Deborah Williams has been actively involved in conservation and sustainable community issues for over 40 years. Deborah received her B.A. from Pomona College, summa cum laude, with a concentration in Biology and Economics. Subsequently she was graduated from Harvard Law School, with honors, and was the co-founder of and co-editor-in-chief of the Harvard Environmental Law Review.
After serving in the Department of Interior’s Solicitors Honors Program in Washington D.C., Deborah represented the National Park Service and the U.S. Fish and Wildlife Service in Alaska. Between 1981 and 1994, she practiced law, and was the Executive Director of the Alaska Consumer Advocacy Program and of the Alaska Lung Association (with an emphasis on reducing air pollution), while serving on many boards and commissions, including the Municipal Health Commission (chair of the Environmental Health Committee).
In 1994, Deborah received a Presidential appointment, and became the Special Assistant to the Secretary of Interior for Alaska, in which position she advised the Secretary about managing over 220 million acres of national lands in Alaska and working with Alaska tribes and others associated with the Department’s broad natural and cultural resource jurisdiction. She also was a Trustee on the Exxon Valdez Trustee Council and other boards.
Deborah then served as the Executive Director of the Alaska Conservation Foundation, winning many awards in that role and helping to achieve numerous public policy victories for the environment and indigenous peoples. During her tenure, Readers Digest named Alaska Conservation Foundation as one of the 12 Best Charities in the nation. Subsequently, Ms. Williams became President of Alaska Conservation Solutions, an organization devoted to addressing climate change. In her various roles, Ms. Williams received many awards, including the first “Spirit of Defenders Award for Citizen Advocacy” from Defenders of Wildlife.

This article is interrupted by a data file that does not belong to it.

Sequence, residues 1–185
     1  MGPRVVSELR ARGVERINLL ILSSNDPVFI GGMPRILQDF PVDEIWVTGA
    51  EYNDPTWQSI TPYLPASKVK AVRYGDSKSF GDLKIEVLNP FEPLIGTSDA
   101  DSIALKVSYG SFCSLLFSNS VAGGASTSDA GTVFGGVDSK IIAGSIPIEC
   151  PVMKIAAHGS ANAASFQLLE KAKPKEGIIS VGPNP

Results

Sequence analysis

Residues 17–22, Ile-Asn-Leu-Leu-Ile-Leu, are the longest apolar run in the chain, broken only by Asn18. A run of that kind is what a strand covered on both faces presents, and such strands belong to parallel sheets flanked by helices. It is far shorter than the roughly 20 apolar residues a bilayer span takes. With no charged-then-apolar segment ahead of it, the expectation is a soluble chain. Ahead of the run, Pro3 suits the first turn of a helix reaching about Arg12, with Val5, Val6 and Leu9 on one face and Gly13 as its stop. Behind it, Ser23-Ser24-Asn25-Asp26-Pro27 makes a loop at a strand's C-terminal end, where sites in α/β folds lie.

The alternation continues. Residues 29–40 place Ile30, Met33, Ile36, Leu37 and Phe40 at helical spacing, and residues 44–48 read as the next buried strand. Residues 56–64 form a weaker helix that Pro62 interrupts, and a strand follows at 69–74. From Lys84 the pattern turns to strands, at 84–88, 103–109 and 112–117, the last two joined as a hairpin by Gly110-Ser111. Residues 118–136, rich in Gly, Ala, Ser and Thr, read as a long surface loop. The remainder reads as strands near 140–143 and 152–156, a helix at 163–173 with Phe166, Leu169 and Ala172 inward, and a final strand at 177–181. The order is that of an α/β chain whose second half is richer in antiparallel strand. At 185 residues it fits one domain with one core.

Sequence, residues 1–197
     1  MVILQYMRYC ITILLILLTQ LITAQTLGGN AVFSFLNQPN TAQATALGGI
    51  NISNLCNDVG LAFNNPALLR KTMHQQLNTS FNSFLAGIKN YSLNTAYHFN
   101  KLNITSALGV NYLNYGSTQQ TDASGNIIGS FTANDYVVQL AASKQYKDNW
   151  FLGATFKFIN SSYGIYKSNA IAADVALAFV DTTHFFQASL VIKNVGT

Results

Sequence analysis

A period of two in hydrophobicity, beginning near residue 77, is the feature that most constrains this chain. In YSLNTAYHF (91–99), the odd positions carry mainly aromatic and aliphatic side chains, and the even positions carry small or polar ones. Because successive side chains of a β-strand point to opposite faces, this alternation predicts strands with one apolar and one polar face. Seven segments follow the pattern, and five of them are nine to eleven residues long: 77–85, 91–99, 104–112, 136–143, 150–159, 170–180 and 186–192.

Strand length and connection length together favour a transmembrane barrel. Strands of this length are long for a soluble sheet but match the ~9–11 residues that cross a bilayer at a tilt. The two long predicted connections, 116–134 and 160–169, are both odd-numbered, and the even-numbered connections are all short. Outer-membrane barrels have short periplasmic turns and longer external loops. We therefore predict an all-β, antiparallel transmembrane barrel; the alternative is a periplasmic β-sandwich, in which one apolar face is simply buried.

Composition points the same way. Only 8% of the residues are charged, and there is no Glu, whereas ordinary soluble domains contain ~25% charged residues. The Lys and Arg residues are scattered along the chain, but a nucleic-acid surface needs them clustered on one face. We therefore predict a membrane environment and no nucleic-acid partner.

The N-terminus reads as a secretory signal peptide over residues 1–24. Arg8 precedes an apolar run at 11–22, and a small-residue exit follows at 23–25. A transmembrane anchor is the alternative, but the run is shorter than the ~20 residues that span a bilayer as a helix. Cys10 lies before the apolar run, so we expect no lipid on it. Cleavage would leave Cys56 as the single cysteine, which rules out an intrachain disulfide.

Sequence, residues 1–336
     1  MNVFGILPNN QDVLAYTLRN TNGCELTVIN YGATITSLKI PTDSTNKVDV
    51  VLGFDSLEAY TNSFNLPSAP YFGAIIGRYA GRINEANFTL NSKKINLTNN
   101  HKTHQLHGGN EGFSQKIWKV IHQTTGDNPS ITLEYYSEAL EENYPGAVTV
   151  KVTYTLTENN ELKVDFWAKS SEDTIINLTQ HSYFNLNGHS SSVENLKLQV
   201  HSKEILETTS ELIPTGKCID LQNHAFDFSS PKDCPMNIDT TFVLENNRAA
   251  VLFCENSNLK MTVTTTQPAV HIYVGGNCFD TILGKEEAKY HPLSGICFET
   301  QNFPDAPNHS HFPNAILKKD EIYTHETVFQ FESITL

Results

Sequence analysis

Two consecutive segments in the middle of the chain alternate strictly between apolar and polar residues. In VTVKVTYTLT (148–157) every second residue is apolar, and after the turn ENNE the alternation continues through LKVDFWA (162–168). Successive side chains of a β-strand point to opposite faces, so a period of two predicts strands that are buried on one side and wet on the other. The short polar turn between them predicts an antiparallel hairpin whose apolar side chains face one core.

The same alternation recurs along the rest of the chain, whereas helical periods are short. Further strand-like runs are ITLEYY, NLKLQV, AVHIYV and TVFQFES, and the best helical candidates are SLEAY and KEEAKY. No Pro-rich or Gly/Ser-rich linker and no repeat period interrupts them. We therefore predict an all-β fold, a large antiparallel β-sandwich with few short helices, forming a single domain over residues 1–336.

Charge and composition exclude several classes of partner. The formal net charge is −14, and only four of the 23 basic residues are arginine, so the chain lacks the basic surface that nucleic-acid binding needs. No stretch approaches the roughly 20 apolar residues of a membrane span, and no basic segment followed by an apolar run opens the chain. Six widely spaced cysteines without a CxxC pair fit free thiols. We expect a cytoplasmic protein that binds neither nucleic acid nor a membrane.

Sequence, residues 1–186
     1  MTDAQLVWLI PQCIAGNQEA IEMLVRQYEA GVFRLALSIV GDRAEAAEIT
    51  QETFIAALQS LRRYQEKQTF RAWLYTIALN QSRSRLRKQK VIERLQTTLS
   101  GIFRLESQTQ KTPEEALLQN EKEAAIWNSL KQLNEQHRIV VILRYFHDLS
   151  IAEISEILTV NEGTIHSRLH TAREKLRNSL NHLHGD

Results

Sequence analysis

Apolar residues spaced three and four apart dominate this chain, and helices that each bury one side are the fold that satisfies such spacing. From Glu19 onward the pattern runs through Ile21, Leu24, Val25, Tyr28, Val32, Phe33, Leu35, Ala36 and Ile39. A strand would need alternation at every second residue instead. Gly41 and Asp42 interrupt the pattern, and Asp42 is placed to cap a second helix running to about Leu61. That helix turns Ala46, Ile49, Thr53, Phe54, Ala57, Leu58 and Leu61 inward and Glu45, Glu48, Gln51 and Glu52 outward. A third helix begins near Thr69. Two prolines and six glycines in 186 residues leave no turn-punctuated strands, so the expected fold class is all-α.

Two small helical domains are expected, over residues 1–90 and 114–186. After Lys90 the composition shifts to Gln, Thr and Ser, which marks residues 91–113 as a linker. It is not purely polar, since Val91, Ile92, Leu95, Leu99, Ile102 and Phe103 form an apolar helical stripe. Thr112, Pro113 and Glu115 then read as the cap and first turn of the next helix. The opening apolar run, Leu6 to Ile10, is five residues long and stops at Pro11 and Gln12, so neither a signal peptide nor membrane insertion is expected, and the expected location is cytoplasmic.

After residing in Alaska for over 37 years, Deborah moved back to California, and among other projects created the widely used Public Lands Website: “50 Great Public Land Destinations – Santa Barbara and Beyond.” She also serves as a Commissioner on the Goleta Parks and Recreation Commission.
Deborah has published scores of law review articles, OpEds and other articles, and has been featured repeatedly in local, state and national media (including 60 Minutes, the New York Times, the Washington Post and BBC).
Together with her husband and her son, Deborah appreciates, enjoys and celebrates living in Santa Barbara County, teaching at UCSB, and exploring public lands and waters throughout the nation.